How to become a geriatrician

Q: I am in high school student and I would like pursue subjects which assist old people. Is there demand for such a career? I have also been told that it is very easy to migrate if I follow this career path.

With the “greying” of the world population demand for workers educated in health sciences is bound to increase. This is especially so for vocations that include caring for the aged. The global share of old people (defined as 65 and over) is expected to increase from 8 % in 2014 to 13% in 2030. Similarly the “old-age dependency ratio”—the ratio of old people to those of working age—is rising. In 2010 the world had 16 old people for every 100 adults between the ages of 25 and 64 (same as in 1980). But by 2035 the UN expects this number to have risen to 26 i.e. a whopping increase of 63%.  While the demographics of the future is crystal clear the trend in some countries is much more pronounced – for instance Japan and Germany will have 69 and 68 old people respectively for every 100 working adults.

With an aging population focus will shift from acute care to treatment of chronic diseases and assisted skilled and non-skilled medical care will be in high demand. Social work skills to work with the elderly will need to be cultivated to provide the best possible care for this generation. The trend overtime will be to make the older adults age comfortably while remaining productive and independent. It is estimate that one out of every four new jobs created in America will be in health care, social assistance or private educational services.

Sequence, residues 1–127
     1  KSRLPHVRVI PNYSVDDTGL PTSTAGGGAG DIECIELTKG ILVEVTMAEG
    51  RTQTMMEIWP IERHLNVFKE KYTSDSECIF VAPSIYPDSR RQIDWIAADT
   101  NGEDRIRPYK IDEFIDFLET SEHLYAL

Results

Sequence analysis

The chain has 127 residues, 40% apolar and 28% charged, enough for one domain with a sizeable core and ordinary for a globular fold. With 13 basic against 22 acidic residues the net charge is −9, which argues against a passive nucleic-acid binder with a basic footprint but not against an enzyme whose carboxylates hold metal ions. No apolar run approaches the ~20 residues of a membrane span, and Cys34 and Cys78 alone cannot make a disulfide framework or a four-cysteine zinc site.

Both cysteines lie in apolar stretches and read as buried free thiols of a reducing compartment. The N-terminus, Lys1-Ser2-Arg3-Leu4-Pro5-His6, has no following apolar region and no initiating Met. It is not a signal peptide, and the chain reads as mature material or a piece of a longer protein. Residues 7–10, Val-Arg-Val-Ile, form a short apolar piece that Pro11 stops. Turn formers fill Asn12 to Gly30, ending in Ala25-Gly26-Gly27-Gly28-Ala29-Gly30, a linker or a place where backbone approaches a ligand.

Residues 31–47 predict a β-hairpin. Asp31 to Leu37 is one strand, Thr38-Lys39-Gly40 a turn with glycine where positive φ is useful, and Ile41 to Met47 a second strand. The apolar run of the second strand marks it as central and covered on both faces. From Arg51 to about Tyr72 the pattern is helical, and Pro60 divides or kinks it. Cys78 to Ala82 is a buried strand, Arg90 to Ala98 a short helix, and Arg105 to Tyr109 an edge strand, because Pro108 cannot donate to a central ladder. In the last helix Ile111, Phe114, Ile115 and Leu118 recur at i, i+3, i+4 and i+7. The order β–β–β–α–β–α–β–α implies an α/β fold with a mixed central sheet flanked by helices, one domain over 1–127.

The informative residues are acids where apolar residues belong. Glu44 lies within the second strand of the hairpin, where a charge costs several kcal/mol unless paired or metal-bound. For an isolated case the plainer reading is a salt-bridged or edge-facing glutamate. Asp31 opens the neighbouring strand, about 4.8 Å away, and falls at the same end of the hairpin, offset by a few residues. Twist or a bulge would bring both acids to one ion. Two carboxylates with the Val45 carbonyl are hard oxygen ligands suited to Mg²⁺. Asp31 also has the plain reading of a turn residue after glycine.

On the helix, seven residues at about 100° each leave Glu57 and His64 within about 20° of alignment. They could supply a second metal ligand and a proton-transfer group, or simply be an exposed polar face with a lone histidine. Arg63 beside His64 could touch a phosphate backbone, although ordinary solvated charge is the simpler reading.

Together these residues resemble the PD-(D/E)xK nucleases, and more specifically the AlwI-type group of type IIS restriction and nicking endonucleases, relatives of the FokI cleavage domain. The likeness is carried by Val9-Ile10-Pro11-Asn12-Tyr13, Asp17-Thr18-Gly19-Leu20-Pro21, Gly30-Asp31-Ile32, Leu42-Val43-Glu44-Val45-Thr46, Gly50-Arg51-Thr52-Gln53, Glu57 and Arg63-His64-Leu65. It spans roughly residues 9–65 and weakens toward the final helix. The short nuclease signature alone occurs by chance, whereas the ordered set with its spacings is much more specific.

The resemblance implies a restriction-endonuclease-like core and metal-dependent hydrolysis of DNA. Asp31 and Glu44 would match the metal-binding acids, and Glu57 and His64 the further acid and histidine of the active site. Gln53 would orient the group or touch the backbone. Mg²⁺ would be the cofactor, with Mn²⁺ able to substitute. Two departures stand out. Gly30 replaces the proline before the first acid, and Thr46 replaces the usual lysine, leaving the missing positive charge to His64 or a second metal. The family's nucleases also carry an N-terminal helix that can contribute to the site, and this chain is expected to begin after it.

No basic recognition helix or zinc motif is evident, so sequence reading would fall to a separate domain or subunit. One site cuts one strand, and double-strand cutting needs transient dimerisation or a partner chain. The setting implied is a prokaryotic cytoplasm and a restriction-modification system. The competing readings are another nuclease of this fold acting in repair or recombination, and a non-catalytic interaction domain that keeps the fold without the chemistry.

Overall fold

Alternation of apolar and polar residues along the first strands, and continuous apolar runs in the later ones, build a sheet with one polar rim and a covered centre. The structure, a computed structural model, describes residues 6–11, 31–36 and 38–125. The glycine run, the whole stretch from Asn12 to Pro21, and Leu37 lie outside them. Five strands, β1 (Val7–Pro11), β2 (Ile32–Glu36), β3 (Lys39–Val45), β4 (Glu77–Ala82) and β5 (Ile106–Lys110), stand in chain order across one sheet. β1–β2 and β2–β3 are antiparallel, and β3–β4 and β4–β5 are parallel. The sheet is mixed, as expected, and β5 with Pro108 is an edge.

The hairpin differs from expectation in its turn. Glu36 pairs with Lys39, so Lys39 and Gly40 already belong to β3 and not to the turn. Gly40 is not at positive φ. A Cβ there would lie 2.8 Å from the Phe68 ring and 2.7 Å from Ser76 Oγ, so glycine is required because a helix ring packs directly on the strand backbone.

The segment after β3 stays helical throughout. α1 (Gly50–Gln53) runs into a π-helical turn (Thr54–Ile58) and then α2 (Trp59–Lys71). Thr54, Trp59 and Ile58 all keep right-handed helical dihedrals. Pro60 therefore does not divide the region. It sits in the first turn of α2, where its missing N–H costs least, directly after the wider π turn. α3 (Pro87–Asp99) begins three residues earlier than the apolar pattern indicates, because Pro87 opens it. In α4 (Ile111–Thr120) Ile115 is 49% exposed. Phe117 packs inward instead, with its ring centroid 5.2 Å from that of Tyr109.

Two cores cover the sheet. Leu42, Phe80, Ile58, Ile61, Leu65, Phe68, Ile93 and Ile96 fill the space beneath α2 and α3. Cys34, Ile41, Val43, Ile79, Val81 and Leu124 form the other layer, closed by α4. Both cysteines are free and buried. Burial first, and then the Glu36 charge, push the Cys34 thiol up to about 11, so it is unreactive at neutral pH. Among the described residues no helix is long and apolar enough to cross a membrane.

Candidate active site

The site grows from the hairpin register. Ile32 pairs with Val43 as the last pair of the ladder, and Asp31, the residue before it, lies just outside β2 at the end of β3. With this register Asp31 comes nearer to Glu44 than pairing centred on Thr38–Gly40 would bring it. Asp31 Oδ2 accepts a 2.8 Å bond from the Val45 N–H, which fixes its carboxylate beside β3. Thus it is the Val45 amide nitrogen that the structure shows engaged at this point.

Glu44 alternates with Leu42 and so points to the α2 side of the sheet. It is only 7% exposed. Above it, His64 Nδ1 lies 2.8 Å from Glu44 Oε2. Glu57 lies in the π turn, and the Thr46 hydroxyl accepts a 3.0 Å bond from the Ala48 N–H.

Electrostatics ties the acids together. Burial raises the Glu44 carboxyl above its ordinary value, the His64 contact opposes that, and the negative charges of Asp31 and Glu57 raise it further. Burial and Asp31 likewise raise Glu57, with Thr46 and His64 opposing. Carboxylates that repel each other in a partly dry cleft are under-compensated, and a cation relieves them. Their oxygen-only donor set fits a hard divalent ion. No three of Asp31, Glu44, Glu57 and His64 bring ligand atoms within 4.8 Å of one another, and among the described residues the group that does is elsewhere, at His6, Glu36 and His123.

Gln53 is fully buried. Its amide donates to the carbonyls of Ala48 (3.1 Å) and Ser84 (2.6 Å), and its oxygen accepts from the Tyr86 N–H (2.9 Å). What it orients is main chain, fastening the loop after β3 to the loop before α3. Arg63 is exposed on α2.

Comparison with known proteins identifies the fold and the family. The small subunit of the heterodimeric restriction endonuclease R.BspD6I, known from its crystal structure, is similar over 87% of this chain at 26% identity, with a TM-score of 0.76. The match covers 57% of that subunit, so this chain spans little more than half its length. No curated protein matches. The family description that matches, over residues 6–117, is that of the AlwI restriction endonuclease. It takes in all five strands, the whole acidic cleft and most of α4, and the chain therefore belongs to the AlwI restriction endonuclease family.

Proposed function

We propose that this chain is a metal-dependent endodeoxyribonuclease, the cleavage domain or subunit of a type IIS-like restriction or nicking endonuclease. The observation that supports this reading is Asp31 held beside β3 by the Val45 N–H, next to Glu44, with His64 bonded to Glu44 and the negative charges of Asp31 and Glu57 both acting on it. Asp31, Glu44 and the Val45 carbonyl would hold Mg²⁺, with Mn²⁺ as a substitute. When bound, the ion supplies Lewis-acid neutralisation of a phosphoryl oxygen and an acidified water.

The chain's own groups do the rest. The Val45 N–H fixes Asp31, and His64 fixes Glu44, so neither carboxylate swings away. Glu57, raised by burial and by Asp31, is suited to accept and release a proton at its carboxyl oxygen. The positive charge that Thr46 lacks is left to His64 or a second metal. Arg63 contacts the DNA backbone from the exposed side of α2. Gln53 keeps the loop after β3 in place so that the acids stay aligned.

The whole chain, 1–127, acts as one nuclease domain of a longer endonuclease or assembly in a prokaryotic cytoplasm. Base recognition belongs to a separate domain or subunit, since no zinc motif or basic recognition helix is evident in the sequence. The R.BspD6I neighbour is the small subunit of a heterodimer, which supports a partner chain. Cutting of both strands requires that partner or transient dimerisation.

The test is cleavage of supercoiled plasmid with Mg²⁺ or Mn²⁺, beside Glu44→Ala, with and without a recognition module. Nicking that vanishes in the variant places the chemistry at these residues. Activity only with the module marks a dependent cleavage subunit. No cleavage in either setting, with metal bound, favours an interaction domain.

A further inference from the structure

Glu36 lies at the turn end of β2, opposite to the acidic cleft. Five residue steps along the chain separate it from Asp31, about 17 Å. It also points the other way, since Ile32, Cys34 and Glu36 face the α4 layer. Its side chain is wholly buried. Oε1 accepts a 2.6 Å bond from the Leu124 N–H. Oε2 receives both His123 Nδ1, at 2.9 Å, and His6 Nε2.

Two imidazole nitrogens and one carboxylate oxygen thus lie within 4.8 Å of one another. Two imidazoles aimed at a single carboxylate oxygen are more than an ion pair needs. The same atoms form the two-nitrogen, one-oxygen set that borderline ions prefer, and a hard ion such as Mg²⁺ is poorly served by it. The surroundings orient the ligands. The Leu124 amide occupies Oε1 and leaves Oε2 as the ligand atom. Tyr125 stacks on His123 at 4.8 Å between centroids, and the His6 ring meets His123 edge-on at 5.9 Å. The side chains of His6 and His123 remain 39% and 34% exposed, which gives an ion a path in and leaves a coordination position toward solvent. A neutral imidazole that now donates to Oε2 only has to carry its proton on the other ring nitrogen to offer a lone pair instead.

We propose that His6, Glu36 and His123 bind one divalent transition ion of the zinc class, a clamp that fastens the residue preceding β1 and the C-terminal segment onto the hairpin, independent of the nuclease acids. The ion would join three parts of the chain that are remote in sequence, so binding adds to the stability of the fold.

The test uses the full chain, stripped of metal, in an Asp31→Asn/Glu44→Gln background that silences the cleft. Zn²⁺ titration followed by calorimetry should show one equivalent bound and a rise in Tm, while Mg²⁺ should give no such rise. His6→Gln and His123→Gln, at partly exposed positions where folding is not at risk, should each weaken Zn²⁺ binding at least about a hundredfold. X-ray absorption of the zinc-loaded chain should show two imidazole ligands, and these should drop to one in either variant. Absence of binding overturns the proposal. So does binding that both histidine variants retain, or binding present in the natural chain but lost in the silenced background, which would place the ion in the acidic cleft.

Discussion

To work and assist the elderly you would need to pursue health care professions such as nursing, social work and counselling requiring the study of biology, sociology and psychology of the aging population. Subsequently you could specialize in the field of gerontology and this will open even more doors. In addition to formal qualifications you would need ability to work well under pressure, deal calmly with emergencies, work within a team and communicate effectively to internal and external stakeholders. Compassion and empathy are two personal traits most required in this profession.

While there is no ambiguity in the overall trend and opportunities in this field one has to be careful not to be lured into vocation/work permit trap.  Admittedly health services could be categorized as jobs in high demand in some countries but you need to be circumspect while applying. Lots of agencies will make tall claims about employment opportunities assuring you of work/residence permits. Do not be lured by such promises and specious advertising. Make sure the service provider has a track record and is recognized by the government and immigration authorities. Be especially wary of private colleges who under the guise of providing education are actually “visa factories”.

Remember if it sounds too good to be true, then in all probability, is the case. 


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